8

I need to get the name of the network interface (e.g. eth0, wlan0) that is the currently-active one, the one sending and receiving traffic at the moment. When it's connected to WiFi, it would be wlan0 but when it's connected directly it would be eth0. Or something else, depending on the network devices on the system and which one is active. How can I find this out?

11

Open a terminal and run the command:

ifconfig

The active interface will have an IP address and transmitted and received bytes. Here is an example:

eth0  Link encap:Ethernet  HWaddr xx:a8:6b:fe:06:xx
      inet addr:192.168.1.14  Bcast:192.168.1.255  Mask:255.255.255.0
      inet6 addr: fe80::eea8:6bff:fefe:696/64 Scope:Link
      UP BROADCAST RUNNING MULTICAST  MTU:1500  Metric:1
      RX packets:449232 errors:0 dropped:0 overruns:0 frame:0
      TX packets:309483 errors:0 dropped:0 overruns:0 carrier:0
      collisions:0 txqueuelen:1000 
      RX bytes:633900275 (633.9 MB)  TX bytes:27944824 (27.9 MB)

Check if the ethernet interface is used:

ping -c3 -I eth0 www.google.com
ping: Warning: source address might be selected on device other than eth0.
PING www.google.com (74.125.228.145) from 192.168.1.100 eth0: 56(84) bytes of data.Wi-Fi
From Think410 (192.168.1.100) icmp_seq=1 Destination Host Unreachable
From Think410 (192.168.1.100) icmp_seq=2 Destination Host Unreachable
From Think410 (192.168.1.100) icmp_seq=3 Destination Host Unreachable

Verify that the wireless interface is used:

ping -c3 -I wlan0 www.google.com
PING www.google.com (74.125.228.148) from 192.168.1.100 wlan0: 56(84) bytes of data.
64 bytes from iad23s17-in-f20.1e100.net (74.125.228.148): icmp_seq=1 ttl=50 time=37.5 ms
64 bytes from iad23s17-in-f20.1e100.net (74.125.228.148): icmp_seq=2 ttl=50 time=36.8 ms
64 bytes from iad23s17-in-f20.1e100.net (74.125.228.148): icmp_seq=3 ttl=50 time=35.9 ms

So, obviously, internet traffic is currently routed through wlan0, my wireless interface.

It is possible to have both ethernet and wireless connected simultaneously. Normally, Network Manager will disallow it, preferring ethernet over wireless because it is generally faster and more secure. If one wanted to use ethernet for the LAN and wireless for the WAN (internet), one would typically remove NM and set all the details manually in /etc/network/interfaces.

2
  • In my system I see a large number of RX and TX packets for both eth0 and wlan0. I guess these numbers are not cleared when switching between wired/wireless networks? So I can't use that to tell. However, inet addr only appears for the one I'm currently connected to, so that looks like that could work. However, couldn't there be times when both show an IP? Like if I'm connected by a cable to another device but WiFi is to the internet? Is there a way to tell which of the 2 is sending you online? – user779159 Jan 14 '14 at 21:01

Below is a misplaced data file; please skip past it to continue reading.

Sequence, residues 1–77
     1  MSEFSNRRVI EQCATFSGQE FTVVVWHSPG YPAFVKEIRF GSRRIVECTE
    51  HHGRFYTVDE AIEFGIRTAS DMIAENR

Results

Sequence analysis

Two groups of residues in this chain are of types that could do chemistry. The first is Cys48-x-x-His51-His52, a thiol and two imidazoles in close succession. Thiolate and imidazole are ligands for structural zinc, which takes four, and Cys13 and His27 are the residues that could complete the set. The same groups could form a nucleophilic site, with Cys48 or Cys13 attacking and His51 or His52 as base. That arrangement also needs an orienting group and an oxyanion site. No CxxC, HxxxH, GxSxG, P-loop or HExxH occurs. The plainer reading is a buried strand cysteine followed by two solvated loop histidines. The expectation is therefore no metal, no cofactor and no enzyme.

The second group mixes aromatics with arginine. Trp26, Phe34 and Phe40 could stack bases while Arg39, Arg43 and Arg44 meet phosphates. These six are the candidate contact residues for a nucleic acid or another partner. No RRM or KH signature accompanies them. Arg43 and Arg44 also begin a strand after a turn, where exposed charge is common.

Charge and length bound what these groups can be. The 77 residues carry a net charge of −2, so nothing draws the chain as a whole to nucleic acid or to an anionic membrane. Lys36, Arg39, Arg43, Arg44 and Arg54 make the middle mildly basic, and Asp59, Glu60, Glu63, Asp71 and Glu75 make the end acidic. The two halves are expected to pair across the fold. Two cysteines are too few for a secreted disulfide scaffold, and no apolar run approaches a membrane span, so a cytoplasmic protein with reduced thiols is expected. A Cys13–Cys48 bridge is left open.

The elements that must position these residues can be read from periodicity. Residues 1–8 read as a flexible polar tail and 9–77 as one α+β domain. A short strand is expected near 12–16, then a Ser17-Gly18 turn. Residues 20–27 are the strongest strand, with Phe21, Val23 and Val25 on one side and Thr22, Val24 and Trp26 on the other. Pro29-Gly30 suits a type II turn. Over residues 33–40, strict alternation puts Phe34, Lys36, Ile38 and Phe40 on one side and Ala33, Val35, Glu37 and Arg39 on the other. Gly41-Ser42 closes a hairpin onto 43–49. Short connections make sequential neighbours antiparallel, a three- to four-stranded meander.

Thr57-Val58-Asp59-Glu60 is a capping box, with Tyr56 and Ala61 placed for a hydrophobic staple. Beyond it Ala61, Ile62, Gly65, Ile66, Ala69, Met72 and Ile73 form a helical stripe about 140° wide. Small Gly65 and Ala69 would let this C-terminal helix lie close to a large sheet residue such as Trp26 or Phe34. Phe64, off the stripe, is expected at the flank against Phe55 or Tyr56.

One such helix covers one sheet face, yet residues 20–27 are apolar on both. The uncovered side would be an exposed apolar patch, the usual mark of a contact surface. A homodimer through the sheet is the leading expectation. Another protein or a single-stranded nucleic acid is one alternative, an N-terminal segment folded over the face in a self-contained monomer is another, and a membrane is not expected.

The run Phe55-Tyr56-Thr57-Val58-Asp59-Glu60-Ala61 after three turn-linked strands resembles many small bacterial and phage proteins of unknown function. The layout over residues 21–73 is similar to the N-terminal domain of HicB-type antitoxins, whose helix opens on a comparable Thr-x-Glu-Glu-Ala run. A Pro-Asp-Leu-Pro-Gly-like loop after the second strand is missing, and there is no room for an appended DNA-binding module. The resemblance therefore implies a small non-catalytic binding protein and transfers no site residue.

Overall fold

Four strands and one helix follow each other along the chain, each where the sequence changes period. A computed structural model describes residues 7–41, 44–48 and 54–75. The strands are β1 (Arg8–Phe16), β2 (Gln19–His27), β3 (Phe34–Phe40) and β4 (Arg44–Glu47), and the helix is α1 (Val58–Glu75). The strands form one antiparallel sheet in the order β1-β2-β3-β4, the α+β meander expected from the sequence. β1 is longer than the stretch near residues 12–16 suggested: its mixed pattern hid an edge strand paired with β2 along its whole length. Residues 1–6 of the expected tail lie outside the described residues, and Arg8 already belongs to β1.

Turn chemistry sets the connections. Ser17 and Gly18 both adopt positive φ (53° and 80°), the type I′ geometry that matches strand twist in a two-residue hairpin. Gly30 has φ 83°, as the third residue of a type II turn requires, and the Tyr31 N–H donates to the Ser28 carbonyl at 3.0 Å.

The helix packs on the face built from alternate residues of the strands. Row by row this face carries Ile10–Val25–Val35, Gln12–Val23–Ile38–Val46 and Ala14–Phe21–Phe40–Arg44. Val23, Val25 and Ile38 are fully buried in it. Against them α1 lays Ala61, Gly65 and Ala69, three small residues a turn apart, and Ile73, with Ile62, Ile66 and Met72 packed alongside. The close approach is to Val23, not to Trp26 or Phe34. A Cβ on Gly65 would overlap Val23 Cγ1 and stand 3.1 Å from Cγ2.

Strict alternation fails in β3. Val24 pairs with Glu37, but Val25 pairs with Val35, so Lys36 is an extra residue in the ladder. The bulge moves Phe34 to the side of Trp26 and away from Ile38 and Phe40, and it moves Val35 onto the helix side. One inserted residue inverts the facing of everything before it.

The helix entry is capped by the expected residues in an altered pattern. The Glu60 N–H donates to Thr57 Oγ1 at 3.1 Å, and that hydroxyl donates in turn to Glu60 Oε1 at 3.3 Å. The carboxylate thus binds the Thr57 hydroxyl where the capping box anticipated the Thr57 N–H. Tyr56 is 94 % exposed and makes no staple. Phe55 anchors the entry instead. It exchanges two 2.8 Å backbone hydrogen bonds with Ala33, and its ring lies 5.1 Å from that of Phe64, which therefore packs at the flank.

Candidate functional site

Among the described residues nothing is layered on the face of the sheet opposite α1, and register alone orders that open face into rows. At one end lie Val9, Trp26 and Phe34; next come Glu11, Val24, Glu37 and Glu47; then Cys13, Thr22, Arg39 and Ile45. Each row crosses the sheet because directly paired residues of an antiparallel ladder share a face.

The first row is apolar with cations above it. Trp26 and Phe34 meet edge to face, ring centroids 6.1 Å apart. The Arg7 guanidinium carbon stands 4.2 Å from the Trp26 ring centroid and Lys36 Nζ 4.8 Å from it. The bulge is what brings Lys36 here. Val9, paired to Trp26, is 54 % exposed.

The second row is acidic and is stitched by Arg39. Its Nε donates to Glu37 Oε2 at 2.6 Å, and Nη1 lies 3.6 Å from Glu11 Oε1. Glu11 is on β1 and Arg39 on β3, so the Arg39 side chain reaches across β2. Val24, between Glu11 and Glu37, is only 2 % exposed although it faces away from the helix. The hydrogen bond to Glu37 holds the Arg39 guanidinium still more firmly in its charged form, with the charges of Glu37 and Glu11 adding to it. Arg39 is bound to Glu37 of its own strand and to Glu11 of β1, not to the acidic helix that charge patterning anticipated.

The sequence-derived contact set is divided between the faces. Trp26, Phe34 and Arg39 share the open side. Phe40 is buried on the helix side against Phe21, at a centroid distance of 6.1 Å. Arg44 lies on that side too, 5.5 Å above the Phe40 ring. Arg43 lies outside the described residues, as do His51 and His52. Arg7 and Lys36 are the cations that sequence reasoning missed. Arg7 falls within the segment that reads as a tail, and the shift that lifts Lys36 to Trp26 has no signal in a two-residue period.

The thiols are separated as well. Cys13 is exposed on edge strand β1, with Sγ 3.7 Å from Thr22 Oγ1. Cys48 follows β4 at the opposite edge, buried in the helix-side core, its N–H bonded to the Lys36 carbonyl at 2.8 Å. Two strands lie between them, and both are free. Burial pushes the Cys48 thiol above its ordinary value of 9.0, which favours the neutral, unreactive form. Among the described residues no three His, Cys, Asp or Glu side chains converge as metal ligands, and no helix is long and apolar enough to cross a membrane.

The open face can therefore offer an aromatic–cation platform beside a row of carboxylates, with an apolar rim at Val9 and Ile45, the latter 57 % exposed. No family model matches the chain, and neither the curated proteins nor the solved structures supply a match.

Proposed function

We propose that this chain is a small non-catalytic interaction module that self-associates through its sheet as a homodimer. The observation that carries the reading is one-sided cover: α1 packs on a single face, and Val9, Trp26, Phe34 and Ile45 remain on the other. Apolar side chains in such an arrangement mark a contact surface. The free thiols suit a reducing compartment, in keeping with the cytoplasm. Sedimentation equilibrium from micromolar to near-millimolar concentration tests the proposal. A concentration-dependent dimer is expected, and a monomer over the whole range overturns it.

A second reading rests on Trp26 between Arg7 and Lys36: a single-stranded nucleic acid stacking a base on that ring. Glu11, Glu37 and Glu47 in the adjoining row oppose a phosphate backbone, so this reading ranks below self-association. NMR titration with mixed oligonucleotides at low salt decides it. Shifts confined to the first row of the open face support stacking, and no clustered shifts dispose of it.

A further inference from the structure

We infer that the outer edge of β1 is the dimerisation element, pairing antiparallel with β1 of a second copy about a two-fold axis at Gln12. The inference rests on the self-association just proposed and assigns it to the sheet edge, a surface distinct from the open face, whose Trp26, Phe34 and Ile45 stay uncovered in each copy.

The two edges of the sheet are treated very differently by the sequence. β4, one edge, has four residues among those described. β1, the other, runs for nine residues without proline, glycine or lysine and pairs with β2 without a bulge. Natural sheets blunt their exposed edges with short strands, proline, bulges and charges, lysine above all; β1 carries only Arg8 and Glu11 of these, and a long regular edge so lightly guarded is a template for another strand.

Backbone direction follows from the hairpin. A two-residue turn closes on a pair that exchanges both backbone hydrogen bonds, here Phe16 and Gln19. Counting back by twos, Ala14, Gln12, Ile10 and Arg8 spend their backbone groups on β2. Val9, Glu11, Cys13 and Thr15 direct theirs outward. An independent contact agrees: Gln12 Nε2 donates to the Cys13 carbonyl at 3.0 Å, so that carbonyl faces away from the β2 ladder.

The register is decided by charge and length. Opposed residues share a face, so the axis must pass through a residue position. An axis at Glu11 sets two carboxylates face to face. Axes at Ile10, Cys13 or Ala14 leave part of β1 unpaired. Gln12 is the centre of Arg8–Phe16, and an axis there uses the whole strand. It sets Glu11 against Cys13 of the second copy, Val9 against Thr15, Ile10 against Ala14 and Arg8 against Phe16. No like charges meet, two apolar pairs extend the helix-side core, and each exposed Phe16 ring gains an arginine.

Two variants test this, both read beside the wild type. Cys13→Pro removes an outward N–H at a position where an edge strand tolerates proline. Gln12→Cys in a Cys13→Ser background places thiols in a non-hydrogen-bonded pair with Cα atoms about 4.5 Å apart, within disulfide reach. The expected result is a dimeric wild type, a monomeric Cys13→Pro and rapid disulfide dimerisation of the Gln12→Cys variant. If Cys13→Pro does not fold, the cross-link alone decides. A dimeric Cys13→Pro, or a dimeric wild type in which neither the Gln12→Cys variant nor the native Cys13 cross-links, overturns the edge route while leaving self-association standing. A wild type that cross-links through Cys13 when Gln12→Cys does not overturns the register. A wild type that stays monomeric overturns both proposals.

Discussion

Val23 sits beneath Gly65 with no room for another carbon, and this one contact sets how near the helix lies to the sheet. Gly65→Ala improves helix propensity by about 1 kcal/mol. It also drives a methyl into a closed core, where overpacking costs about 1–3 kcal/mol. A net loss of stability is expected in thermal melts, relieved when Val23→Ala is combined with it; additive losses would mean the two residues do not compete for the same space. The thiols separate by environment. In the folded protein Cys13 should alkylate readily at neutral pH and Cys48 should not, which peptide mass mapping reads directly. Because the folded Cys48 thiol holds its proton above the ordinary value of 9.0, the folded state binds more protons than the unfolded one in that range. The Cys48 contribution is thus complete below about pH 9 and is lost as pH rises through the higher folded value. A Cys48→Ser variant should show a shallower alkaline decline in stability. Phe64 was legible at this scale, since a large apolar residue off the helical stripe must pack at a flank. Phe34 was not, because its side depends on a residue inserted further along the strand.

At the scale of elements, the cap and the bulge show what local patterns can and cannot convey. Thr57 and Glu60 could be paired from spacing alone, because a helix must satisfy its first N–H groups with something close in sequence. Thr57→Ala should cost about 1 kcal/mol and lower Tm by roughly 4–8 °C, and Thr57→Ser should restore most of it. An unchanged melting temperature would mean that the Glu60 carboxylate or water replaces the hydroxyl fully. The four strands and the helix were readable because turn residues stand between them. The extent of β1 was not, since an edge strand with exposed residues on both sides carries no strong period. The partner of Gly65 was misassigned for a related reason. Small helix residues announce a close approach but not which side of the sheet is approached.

• Please see my edit. – chili555 Jan 14 '14 at 21:19
6

A good way to figure out the interface where particular traffic would go is to use ip route get Just use say Google (8.8.8.8) or Cloudflare (1.1.1.1) DNS servers to figure out which interface internet traffic would go through:

$ ip route get 1.1.1.1
1.1.1.1 via 192.168.2.1 dev eth0 src 192.168.2.155 uid 0
    cache

Then you can do stuff like set a variable with the interface that is used for internet:

LANIFACE=$(ip route get 1.1.1.1 | grep -Po '(?<=dev\s)\w+' | cut -f1 -d ' ')

Then you can also get the IP address of the interface:

LANIP=$(ip addr show "$LANIFACE" | grep "inet " | cut -d '/' -f1 | cut -d ' ' -f6)

Don't forget the same method can also work for other networks, not just ones on the internet.

5

No need for ping to hunt-and-peck. Use ip link; it has more germane info than ifconfig. Each interface will report something like

  • LOOPBACK, meaning active but never goes external (wired or wireless)
  • NO-CARRIER, meaning external but no signal being generated
  • BROADCAST, meaning external and is active
  • LOWER-UP, meaning PHY is enabled

You can have two or more external interfaces with LOWER-UP but generally a bad idea. Here's my laptop with loopback (notice LOWER_UP), down ethernet, wlan0 up and generating a signal, wlan4 (USB wifi) UP but NOT generating a signal, wlan4.mon monitor mode sniffing all stations on BSS (notice LOWER-UP). wlan4.mon does not transmit.

1: lo: <LOOPBACK,UP,LOWER_UP> mtu 16436 qdisc noqueue state UNKNOWN 
    link/loopback 00:00:00:00:00:00 brd 00:00:00:00:00:00
2: eth0: <NO-CARRIER,BROADCAST,MULTICAST,UP> mtu 1500 qdisc pfifo_fast state DOWN qlen 1000
    link/ether 24:b6:fd:24:59:b9 brd ff:ff:ff:ff:ff:ff
3: wlan0: <BROADCAST,MULTICAST,UP,LOWER_UP> mtu 1500 qdisc mq state UP qlen 1000
    link/ether 4c:eb:42:32:0c:9e brd ff:ff:ff:ff:ff:ff
26: wlan4: <NO-CARRIER,BROADCAST,MULTICAST,UP> mtu 1500 qdisc mq state DOWN qlen 1000
    link/ether 00:26:f2:b3:d7:93 brd ff:ff:ff:ff:ff:ff
27: wlan4.mon: <BROADCAST,MULTICAST,UP,LOWER_UP> mtu 1500 qdisc mq state UNKNOWN qlen 1000
    link/ieee802.11/radiotap 00:26:f2:b3:d7:93 brd ff:ff:ff:ff:ff:ffter code here
1

If you want a little more detail try jnettop this tool shows you detailed traffic monitoring in the terminal.

sudo apt-get install jnettop

once installed simply type jnettop in the terminal

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